grannyThere was something very romantic and magical about travelling back in time with Granny.

At the age of about ten I remember asking Granny to share stories of ‘The Olden Days’. Stood in the tiny galley kitchen of her Berkshire home, Granny worked through the archives of her memories whilst dunking and poking the steaming washing in the twin tub with a long handled wooden spoon.

Washing days were a major operation at Granny’s house- the twin tub was hauled in to position in the middle of the kitchen, the room filled with steam and the stories my Granny shared took on a dreamy quality in the resulting clouds of air that surrounded us.

One of the Bletchley code breakers, my Granny had a secretive smile when recalling the ‘war years’. She shared stories of her fellow workers including an aristocratic Lady whose facial beauty was legendary but who was ‘cursed with thick black hairs on her legs’ (my granny’s words not mine!). Granny re-lived evenings preparing for tea dances and grand balls where gravy browning was used to colour your legs and drawing a line of kohl down the back gave the illusion of wearing stockings, when large pots of petroleum jelly took pride of place on the dressing table and the jelly was worked on to your eyelashes in place of mascara …. And always, always my Granny would finish the stories with damp eyes – but not from the steam of the washing.

Recalling these memories now as an adult, I feel a connection across time with my Granny and an appreciation of the nostalgia she must have been feeling as she recalled those war days. She was highly intelligent (hence being at Bletchley Park) and had felt valued at that time in using her intelligence. But when the war ended, like many other females of the time, she slotted back in to society’s expectation of her – a stay-at-home wife and mother, running a household, caring for her working husband and hauling the twin tub in to position on wash days with resulting damp eyes.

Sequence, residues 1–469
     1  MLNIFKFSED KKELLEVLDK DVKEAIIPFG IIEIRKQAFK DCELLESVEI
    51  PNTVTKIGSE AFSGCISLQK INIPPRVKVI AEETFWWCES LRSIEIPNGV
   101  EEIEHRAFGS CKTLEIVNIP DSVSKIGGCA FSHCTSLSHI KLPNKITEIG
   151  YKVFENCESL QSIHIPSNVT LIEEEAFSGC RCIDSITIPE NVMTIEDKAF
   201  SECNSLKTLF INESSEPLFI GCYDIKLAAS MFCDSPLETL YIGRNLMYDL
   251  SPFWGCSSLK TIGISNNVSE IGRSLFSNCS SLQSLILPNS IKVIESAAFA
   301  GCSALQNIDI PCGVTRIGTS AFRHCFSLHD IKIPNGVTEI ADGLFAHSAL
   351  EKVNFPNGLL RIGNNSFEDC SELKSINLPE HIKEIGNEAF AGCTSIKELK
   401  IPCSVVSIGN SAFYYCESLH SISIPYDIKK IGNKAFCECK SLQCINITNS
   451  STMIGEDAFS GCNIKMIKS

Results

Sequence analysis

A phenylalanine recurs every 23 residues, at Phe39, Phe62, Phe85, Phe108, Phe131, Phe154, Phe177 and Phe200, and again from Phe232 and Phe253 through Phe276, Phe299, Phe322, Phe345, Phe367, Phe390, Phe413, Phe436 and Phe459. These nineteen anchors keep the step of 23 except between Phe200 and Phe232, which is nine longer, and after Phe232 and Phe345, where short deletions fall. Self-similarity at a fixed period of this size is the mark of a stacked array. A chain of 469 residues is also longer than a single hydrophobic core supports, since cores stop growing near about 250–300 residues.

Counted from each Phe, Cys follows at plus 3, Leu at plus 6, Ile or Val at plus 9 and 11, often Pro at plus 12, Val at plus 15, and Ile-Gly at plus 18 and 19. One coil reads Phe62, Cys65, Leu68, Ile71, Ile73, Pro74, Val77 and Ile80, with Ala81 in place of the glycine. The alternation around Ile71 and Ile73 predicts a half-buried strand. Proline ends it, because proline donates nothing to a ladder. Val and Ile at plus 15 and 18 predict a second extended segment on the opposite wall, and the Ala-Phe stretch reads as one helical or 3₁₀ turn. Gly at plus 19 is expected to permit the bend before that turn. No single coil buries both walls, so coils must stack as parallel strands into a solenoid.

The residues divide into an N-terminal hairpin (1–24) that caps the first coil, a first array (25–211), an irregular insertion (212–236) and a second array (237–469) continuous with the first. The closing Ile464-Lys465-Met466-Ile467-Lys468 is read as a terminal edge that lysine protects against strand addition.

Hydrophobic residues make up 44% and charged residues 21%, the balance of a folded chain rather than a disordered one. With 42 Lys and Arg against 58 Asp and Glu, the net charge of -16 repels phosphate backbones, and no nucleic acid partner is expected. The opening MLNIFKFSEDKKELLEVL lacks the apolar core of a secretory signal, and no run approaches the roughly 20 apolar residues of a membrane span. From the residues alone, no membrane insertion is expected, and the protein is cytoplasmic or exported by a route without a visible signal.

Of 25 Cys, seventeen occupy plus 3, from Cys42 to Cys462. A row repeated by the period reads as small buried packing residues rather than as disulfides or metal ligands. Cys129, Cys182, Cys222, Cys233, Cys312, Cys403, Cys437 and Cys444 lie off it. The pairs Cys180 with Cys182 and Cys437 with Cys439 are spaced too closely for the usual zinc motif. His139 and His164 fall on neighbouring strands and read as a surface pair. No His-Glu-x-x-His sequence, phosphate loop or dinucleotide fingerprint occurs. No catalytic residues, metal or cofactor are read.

I wonder – if we could bring Granny back now, what would she think about the women who are leaders and role models in today’s society?

What advice would this intelligent woman give to me, her granddaughter as I juggle the demands of being a Director of my own company with the demands of being a wife, mum, sister, daughter, friend and colleague?

I can imagine her “leaning in” to her Kindle, reading and embracing Bonnie Low-Kramen’s reasons why women should help other women?

I’m certain Granny would break through the “coding” of society’s expectations of women that exist even today, and I’m certain her advice would echo the feedback I give to my female clients.

“The thing that is holding You back from being The Most Successful – is actually You” she would say. “You have so many opportunities to potentially take advantage of”.

Then she would scroll through her Twitter feed of motivational quotes and Retweet her favourite “Teach your daughter to worry less about fitting into glass slippers and more about shattering glass ceilings”.

“Absolutely lean in” she would say “and realise that your self-belief is your Enigma”.

About the author

Lindsay Taylor is the owner and Director of Executive Coaching and Training Organisation Your Excellency Limited. She is also the author of the blog ‘Wise Words Indeed’. You can follow Lindsay on Twitter: @your_excellency and @wisdom_pearls.

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